No person fails on purpose. Yet, spiritual, and moral failures abound. A few years ago, I taught a lesson to my church’s men’s group which focused on temptations men face. The workbook we were using quoted C.S. Lewis on this subject and was a turning point for many in the group. Lewis wrote,
“It does not matter how small the sins are, provided that their cumulative effect is to edge the person away from the light and out into the nothing… Indeed, the safest road to hell is the gradual one – the gentle slope, soft underfoot, without sudden turnings, without milestones, without signposts.”
The truth communicated by Lewis rang true. It reminded me of something a former mentor of mine once said. He emphasized repeatedly that compromise comes through the smallness of our daily surrenders.
It’s giving up that little bit of personal conviction each day. It’s the little piece of candy no one will ever know you ate. It’s watching that program or visiting that website when you are all alone. You get the picture.
Usually the first surrender to “small, insignificant sins” makes it easier to fall prey to them again and again. The damage comes from the “cumulative effect” Lewis was pointing to. Few people wake up in the morning planning to sin spectacularly later in the day. Yet those daily surrenders build up over time. Give a little ground here and there and before you know it, you’re in trouble. In fact, you become practically unrecognizable, even to yourself. You didn’t plan for this to happen, but those daily surrenders were enough to do the trick.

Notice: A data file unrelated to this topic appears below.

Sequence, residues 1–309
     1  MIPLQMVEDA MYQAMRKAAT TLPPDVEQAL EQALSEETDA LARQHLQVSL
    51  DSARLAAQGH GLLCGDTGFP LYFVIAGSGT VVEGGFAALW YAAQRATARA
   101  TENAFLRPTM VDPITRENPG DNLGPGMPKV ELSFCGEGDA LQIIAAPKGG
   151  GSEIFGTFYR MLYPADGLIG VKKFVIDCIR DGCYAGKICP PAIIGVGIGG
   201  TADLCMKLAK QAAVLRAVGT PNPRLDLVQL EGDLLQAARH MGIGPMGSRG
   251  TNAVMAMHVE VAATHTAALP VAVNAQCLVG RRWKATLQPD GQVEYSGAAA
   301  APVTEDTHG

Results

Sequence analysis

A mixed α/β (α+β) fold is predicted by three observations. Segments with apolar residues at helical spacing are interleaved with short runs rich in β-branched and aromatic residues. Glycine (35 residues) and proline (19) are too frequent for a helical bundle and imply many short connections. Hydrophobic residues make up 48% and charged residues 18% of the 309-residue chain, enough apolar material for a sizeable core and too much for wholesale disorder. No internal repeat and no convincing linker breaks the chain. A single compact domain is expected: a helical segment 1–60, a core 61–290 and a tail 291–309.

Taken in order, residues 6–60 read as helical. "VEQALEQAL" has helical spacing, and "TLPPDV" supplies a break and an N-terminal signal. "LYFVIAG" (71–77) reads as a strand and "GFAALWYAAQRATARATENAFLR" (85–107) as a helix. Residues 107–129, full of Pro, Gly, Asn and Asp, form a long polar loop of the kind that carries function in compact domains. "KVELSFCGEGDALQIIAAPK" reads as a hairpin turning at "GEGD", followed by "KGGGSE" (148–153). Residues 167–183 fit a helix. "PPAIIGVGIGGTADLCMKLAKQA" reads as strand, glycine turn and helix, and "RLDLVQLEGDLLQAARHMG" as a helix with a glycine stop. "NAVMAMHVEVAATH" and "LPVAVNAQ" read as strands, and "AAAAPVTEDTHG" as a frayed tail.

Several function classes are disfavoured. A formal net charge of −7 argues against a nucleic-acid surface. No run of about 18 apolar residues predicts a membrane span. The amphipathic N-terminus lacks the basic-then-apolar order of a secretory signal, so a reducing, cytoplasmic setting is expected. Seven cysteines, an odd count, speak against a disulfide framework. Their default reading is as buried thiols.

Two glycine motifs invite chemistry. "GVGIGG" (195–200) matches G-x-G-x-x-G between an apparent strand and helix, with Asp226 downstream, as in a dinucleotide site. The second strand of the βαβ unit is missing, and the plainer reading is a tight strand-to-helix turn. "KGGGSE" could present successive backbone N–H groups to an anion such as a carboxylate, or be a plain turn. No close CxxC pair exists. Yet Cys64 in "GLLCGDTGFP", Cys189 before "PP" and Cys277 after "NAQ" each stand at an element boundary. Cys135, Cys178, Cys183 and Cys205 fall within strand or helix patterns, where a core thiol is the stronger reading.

Therefore, we must be vigilant. We need to work from the foundation of knowing who we are in Christ. We need to count ourselves dead to sin and alive to God in Christ Jesus (Romans 6:11). Those “daily surrenders” needn’t reign over us. The same Spirit who raised the Lord Jesus from the dead dwells in us as well.
Yet, we also need to exercise the self-awareness that recognizes those areas in our lives wherein we are weak. Every person ought to ask himself or herself: Am I being less watchful in some areas of my life than others? Even the small, seemingly insignificant areas? Am I overly confident I would never again fall prey to that particular temptation? A member of my church used to remind me often, “to be forewarned is to be forearmed.”